Buried suture, subcuticular suture
Video 4-01. Simple buried dermal suture
This technique is best used in areas under moderate tension, and it remains the standard technique discussed in many plastic surgery textbooks. Its use in dermatologic and plastic surgery has, however, fallen somewhat out of favor as other techniques, such as the buried vertical mattress and set-back dermal suture, have become increasingly popular. This straightforward technique is generally reported as useful in a broad array of applications, and may be used in both facial and truncal skin, though it is particularly useful in areas where inversion is desired. This would include the nasolabial and melolabial folds as well as select areas along the antihelix and umbilicus, where restoration of anatomical inversion is desirable.
Suture choice is dependent in large part on location, though because this technique leaves residual suture material both between the incised wound edges and in the superficial dermis, care should be taken to minimize the liberal use of larger-gauge suture material. On the face and ears, a 5-0 absorbable suture may be used, and on the distal extremities a 4-0 suture is generally adequate. Using this technique, a 3-0 absorbable suture works well on the back. It may be advisable to eschew the use of 2-0 suture with this technique to minimize the risk of suture spitting.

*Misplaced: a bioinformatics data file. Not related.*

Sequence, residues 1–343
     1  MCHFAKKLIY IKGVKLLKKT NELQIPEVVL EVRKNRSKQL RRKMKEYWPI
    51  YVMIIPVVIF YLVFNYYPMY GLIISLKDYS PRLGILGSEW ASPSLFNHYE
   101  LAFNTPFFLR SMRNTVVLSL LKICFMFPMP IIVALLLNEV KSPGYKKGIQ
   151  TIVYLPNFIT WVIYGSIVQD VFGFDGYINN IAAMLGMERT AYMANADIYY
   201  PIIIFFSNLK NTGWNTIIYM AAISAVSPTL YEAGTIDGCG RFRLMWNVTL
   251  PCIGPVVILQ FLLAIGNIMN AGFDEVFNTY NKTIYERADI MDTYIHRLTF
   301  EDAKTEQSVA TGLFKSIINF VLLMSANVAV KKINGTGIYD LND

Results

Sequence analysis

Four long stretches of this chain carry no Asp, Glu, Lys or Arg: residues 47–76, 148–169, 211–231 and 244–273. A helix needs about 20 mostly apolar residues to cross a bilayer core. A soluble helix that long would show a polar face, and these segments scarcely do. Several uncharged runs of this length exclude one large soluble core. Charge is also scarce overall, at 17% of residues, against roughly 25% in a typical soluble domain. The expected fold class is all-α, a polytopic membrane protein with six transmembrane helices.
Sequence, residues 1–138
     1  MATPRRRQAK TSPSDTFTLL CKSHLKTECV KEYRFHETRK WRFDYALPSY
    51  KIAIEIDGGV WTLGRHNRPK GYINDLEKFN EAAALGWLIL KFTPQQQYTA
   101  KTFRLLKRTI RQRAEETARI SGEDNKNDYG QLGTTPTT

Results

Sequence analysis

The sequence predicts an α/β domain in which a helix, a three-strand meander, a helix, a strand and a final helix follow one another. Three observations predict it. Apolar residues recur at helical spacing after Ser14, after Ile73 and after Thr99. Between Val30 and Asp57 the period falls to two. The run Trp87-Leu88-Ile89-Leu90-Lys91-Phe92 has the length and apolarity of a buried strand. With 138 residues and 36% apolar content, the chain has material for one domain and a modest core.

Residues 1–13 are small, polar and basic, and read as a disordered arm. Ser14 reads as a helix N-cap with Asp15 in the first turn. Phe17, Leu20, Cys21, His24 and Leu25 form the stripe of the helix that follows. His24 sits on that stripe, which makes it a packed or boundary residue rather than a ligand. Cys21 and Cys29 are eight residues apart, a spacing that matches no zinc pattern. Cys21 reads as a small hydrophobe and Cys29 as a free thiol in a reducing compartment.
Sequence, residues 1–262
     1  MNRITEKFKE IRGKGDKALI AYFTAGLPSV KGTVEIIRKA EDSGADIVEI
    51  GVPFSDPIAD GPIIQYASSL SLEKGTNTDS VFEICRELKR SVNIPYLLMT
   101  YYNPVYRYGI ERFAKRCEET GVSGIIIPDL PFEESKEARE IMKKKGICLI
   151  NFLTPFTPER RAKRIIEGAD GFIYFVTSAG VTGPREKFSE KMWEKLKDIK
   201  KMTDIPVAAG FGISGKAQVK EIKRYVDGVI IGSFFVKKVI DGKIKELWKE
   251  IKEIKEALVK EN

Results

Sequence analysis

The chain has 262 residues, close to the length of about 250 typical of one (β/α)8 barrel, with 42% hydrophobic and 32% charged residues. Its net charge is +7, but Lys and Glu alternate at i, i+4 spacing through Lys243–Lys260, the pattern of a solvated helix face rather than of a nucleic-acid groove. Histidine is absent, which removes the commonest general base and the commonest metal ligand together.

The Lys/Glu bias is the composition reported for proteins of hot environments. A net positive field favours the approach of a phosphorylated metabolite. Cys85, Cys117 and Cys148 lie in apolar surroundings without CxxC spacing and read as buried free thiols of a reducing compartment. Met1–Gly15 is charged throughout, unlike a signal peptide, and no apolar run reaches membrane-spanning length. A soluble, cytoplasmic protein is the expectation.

The wound edge is reflected back using surgical forceps or hooks.
While reflecting back the dermis, the suture needle is inserted at 90 degrees into the underside of the dermis 2 mm distant from the incised wound edge.
The first bite is executed by following the curvature of the needle and allowing the needle to exit in the incised wound edge. The size of this bite is based on the size of the needle, the thickness of the dermis, and the need for and tolerance of eversion. The needle’s zenith with respect to the wound surface should be between the entry and exit points.
Keeping the loose end of suture between the surgeon and the patient, the dermis on the side of the first bite is released. The tissue on the opposite edge is then gently grasped with the forceps.
The second and final bite is executed by inserting the needle into the contralateral incised wound edge at the level of the superficial papillary dermis. This bite should be completed by following the curvature of the needle and avoiding catching the undersurface of the epidermis, which could result in epidermal dimpling. It then exits approximately 2 mm distal to the wound edge on the undersurface of the dermis. This should mirror the first bite taken on the first side of the wound.
The suture material is then tied utilizing an ...